Posted On: April 9, 2012 by Stephen Bilkis

A lady was walking on a sidewalk along 129 South Union Street in the village of Spencerport.

A lady was walking on a sidewalk along 129 South Union Street in the village of Spencerport. She suffered personal injuries from a trip and fall while walking on a broken tree grate cover on June 28, 2008. She sued the village of Spencerport in damages alleging that the trees along South Union Street were covered with a grating that abuts the sidewalk. The grating was broken and she stepped on that portion of the broken grating at the base of a tree on South Union Street and it caused her trip and fall.

The tree grate where the lady fell is located between Union Street and a building. The tree grate surrounding the trunk of the tree was surrounded by brick and the sidewalk.

The injured lady sent a notice of claim to the village with photographs on August 11, 2008. The summons and complaint was filed on April 10, 2009.

After discovery, the village moved for a summary judgment to dismiss the complaint. The village alleges that under its law, in order to maintain an action in damages against it, there must be notice of the defective condition given to the Village clerk and a reasonable time be given to the Village to repair the defect. And only when it failed to repair the defect can it be made liable.

The Village goes on to assert that once it has proven that it has not been given any prior notice of the defect in the sidewalk, the plaintiff has the burden to demonstrate that the Village created the defect through an act of negligence or that the Village derived special use with caused the defect.

The Court has determined that the Village has met its burden of proving that it had no prior notice of any defect in the tree grate on Union Street. The burden now shifts to the lady to prove that there are questions of fact regarding the notice given to the Village or that there is an issue of fact that this case falls under exceptions to the written notice requirement.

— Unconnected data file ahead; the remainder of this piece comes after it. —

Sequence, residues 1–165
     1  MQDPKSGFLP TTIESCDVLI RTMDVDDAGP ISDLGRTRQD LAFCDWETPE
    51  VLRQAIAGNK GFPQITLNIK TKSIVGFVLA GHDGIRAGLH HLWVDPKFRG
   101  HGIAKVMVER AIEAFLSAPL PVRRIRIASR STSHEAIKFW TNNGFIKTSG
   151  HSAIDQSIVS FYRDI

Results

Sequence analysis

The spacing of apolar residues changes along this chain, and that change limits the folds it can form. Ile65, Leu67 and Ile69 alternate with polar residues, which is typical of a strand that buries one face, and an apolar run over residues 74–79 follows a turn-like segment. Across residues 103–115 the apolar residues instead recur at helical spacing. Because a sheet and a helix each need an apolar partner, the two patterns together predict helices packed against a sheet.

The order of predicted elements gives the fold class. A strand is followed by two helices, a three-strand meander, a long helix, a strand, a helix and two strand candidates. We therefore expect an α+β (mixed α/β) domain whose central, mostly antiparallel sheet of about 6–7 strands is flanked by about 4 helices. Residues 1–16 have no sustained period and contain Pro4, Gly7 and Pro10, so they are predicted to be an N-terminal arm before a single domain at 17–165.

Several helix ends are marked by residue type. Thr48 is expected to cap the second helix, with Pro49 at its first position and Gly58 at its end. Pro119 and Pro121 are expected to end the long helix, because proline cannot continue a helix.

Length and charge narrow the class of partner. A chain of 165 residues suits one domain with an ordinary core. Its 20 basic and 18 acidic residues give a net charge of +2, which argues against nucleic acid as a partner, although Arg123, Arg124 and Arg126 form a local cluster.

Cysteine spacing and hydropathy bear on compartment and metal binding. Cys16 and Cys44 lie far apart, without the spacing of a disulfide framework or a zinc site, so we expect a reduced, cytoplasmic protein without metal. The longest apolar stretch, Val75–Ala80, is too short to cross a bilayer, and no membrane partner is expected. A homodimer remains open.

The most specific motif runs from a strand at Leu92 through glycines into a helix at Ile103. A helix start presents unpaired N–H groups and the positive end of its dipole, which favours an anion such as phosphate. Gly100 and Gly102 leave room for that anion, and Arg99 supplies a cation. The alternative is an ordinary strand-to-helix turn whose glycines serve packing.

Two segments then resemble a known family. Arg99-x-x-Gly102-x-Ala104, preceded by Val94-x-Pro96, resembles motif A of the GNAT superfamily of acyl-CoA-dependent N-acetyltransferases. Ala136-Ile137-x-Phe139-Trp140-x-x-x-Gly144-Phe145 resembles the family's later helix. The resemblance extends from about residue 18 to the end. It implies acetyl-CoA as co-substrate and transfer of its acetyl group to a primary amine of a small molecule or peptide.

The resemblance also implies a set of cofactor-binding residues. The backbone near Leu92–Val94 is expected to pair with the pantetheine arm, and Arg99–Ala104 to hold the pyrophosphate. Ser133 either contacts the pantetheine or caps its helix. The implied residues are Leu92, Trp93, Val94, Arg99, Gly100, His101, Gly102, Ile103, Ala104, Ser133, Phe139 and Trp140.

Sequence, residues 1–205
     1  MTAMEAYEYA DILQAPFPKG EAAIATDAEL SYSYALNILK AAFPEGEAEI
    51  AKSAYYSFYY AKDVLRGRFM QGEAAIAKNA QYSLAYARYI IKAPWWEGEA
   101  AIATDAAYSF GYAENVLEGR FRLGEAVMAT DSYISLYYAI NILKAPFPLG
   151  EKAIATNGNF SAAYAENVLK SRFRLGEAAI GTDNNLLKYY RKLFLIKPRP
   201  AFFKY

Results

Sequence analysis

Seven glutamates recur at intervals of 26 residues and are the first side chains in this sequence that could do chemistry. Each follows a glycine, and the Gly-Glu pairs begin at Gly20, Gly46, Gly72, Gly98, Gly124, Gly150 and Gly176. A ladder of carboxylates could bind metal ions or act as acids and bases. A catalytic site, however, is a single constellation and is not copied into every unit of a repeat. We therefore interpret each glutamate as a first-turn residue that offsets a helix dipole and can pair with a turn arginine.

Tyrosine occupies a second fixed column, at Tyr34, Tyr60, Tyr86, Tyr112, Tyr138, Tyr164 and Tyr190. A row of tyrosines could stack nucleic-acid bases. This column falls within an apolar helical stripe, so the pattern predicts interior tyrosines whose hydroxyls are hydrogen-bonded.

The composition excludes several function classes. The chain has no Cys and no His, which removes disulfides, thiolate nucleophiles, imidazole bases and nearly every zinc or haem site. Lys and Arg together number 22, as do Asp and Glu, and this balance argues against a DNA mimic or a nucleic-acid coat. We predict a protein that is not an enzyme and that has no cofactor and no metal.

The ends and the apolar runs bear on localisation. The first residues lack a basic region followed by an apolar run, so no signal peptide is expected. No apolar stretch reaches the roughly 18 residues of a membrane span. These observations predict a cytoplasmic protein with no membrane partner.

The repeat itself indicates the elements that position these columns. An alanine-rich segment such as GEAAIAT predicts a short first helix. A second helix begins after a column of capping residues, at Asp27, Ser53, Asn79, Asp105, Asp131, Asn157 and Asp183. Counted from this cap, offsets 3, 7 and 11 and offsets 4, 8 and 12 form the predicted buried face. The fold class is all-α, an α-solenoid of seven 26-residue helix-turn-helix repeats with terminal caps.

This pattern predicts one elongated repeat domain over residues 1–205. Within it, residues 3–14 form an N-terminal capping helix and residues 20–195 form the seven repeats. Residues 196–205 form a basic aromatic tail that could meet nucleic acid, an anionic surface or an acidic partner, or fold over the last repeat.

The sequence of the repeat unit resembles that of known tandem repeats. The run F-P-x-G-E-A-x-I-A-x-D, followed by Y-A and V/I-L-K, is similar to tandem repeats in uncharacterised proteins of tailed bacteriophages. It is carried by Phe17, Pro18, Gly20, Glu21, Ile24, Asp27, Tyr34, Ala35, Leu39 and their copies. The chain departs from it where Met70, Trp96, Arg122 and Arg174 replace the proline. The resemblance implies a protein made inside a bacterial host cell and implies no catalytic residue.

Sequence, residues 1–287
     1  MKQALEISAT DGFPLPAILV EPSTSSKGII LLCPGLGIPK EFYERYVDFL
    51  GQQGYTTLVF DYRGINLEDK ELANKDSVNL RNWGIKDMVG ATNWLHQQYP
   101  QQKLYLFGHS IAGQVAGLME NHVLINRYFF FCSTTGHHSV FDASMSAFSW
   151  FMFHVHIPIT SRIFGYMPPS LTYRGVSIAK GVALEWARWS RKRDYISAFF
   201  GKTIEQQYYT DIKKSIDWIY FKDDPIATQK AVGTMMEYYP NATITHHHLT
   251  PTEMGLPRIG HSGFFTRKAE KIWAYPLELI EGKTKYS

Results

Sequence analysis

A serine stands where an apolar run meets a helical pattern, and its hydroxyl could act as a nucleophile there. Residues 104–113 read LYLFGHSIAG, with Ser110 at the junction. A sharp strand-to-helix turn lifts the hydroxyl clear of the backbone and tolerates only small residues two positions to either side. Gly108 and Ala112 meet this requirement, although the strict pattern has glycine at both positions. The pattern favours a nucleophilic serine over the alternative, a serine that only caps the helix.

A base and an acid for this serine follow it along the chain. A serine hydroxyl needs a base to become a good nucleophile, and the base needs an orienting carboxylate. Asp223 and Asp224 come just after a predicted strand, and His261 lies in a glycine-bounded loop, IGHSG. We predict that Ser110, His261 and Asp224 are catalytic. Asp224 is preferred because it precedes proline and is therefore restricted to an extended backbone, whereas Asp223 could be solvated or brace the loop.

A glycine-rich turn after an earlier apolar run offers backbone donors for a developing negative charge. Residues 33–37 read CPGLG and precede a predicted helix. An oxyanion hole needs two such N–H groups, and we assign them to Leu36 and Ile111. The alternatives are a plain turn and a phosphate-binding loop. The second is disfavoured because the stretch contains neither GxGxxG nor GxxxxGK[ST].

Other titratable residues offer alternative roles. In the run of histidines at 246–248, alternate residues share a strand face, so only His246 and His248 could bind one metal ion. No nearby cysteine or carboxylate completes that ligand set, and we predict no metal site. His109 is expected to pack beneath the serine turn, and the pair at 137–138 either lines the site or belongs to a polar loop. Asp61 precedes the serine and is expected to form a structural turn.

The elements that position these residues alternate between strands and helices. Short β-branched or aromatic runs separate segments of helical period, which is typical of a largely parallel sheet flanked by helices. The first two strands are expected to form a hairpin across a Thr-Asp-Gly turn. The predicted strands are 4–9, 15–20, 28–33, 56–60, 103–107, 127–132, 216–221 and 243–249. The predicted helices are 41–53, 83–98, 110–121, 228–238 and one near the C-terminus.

The lady argued that the tree grate is not considered a part of the sidewalk or street and so there is no need for a prior notice to maintain this action for damages. The lady bases her argument on an older case which decided that a tree well is not a part of the sidewalk.

The Court resolved to grant the motion for summary judgment and dismiss the complaint. The Court held that the lady failed to prove that this case falls under the exception where no prior written notice is required. The old case relied upon by the lady cannot be applied to this case because the holding of the Supreme Court in that old case that tree wells are not part of the sidewalk is only for the purpose of applying the Administrative Code of the City of New York. The issue there in that case was different from this case.

In that case of Vucetovic, the question was the liability of landowners who lands abutted a sidewalk with a tree well. Here the lady did not sue the owner of the building which abutted the tree well where she tripped and fell. And more importantly, the definition in that case of a sidewalk was determined to be a portion of a street which is intended for the use of pedestrians.

It is clear that the tree well was located at or near the sidewalk and was intended for the use of pedestrians. For this reason, the tree well in this case must be considered as part of the sidewalk and no liability shall attach to the Village when there had been no prior notice of any defect in the tree well in question.

Trees on the sidewalk can pose tripping and falling hazards. If you have sustained injuries through a similar accident such as the one described above, filing a lawsuit can be difficult and confusing. You need an experienced New York Trip and Fall lawyer to explain the process to you. At Stephen Bilkis & Associates, their New York Trip and Fall lawyers will stand by and help you understand the legal process. They can present and argue your side to ensure that you are compensated.

Do not delay; call Stephen Bilkis & Associates today. Ask to confer with any of its New York Trip and Fall Lawyers whose office is accessible and conveniently located in the New York area. Get advice from our New York Trip and Fall Attorneys regarding compensation for injury resulting from another’s negligence. Talk to a Trip and Fall Lawyer from Stephen Bilkis and Associates.